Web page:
Fred Hersch is a world renowned jazz pianist, composer, and educator living in New York City who has received many prestigious awards and grants, including a 2003 Guggenheim Fellowship in Music Composition. He has released over twenty albums as a solo artist or bandleader, two of which were nominated for Grammy Awards. His collaborators include such star performers as Joe Henderson, Stan Getz, Toots Thielemans, Charlie Haden, Dawn Upshaw, Bill T. Jones, Nadja Salerno-Sonnenberg, Jeffrey Kahane, Art Farmer, and RenJe Fleming. He has recorded over fifty of his compositions for such labels as BMG, Nonesuch, Harmonia Mundi, Palmetto, Concord Jazz, Enja, and Chesky. Leaves of Grass premiered in April of 2003 with Kurt Elling and Norma Winstone (voice).
2004 Branigin Lectures
Terrorism: Global Response of the Courts
Justice Michael Kirby
Tuesday, September 21, 2004, Moot Court, School of Law 123
In this lecture, Justice Kirby reviews the response of courts around the world to legislation designed to respond to threats from terrorism. In addition to describing developments in his own court, the highest court in Australia, he refers to decisions in the highest courts of the United States, Europe, Great Britain, and Israel. His thesis is that courts must defend enduring legal values and principles even in a time of terrorism.
Justice Kirby received his Bachelor of Economics, Bachelor of Arts, and Master of Law degrees from the University of Sydney. From 1983 to 1984, he was a judge in the Federal Court of Australia and the youngest person ever appointed as a Federal Judge. He was then appointed President of the New South Wales Court of Appeal, the highest court in that state's legal system. In February of 1996, he was appointed to the High Court of Australia and has served on it ever since. He received Australia’s highest honor in 1991, when he was made a Companion of the Order of Australia (AC). He is also a Companion of the Order of St. Michael and St. George (CMG).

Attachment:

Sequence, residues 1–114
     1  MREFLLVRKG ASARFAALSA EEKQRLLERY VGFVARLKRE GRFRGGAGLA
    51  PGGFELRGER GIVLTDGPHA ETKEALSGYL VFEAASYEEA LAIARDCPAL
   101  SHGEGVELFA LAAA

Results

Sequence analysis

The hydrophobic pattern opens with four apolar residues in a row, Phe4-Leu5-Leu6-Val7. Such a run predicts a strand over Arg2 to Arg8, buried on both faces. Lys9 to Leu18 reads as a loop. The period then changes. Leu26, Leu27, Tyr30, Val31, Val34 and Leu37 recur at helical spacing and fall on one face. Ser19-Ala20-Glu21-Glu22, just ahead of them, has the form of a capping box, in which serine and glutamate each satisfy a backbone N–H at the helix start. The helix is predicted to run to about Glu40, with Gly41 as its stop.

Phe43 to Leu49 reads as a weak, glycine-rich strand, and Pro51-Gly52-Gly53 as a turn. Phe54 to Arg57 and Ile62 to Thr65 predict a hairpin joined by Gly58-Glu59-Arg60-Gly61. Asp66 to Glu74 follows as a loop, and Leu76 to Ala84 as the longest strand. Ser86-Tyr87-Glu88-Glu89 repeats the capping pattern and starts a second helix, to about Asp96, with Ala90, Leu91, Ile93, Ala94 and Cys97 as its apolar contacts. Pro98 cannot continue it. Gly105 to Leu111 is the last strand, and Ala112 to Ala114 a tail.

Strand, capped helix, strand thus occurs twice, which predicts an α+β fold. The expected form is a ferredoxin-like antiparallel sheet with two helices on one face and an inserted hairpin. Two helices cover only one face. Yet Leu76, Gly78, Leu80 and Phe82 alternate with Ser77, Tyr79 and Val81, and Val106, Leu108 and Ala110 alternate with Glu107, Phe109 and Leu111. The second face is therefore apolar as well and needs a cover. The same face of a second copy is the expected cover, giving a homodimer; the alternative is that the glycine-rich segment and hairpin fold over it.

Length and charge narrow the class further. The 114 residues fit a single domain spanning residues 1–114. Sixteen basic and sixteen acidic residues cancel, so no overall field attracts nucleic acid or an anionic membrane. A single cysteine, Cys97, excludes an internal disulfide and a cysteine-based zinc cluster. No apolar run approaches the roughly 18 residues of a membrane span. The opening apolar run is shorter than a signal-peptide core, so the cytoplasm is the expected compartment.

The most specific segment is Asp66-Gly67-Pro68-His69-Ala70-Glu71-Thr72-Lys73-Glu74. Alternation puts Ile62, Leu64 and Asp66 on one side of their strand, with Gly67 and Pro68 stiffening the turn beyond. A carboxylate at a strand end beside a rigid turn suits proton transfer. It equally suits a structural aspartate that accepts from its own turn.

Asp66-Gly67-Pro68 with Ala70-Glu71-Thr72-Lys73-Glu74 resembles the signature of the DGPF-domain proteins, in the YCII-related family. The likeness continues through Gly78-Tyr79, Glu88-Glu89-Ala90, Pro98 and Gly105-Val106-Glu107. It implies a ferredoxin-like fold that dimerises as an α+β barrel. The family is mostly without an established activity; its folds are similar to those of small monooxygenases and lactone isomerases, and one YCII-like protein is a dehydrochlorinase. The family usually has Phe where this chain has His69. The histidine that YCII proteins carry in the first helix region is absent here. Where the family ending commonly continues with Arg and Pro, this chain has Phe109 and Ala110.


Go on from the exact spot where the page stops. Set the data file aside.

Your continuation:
In the 1990s, Justice Kirby acted as Special Representative of the Secretary-General of the United Nations for Human Rights in Cambodia and served on many other UN bodies. Justice Kirby is currently a member of the International Bioethics Committee of UNESCO, the Ethics Committee of the Human Genome Organisation, and the Global Panel on Human Rights of UNAIDS (the Joint United Nations Programme on HIV/AIDS). He was among the founders of Australians for Constitutional Monarchy, an organization which played a prominent part in the "No Republic" campaign during the lead-up to Australia’s 1999 republic referendum. Earlier this year, Justice Kirby received the 2006 NSW (New South Wales) Australian of the Year Award.
Creative to the End: Staging Aging
Linda and Michael Hutcheon
Thursday, November 18, 2004, BLTV 251
From fairy tales (and operas about them) to novels, from paintings to movies, western art forms have represented growing up—and growing older—in realist, idealized, and/or stereotyped ways. This illustrated lecture will look at the history of these cultural representations. It will also explore links between creativity and age by looking at the last works and late style of operatic composers like Verdi, Wagner, Britten, Janáček, and Strauss.
Linda Hutcheon is Professor of English and Comparative Literature at the University of Toronto and a renowned literary and cultural critic best known for her extensive writings on postmodern theory and feminism. Her research interests also extend into art, architecture, and modern philosophy. Michael Hutcheon is Professor of Medicine at the University of Toronto. Together, they have co-written three books on opera (Opera: Desire, Disease, Death, 1999; Bodily Charm: Living Opera, 2000; Opera: The Art of Dying, 2004). By combining literary and scientific discussions, they engage in an interdisciplinary exploration of operatic languages and metaphors from historical and cultural points of view. They probe such subjects as disease, death and the art of dying, desire, and representations of the operatic body both on stage and among audiences.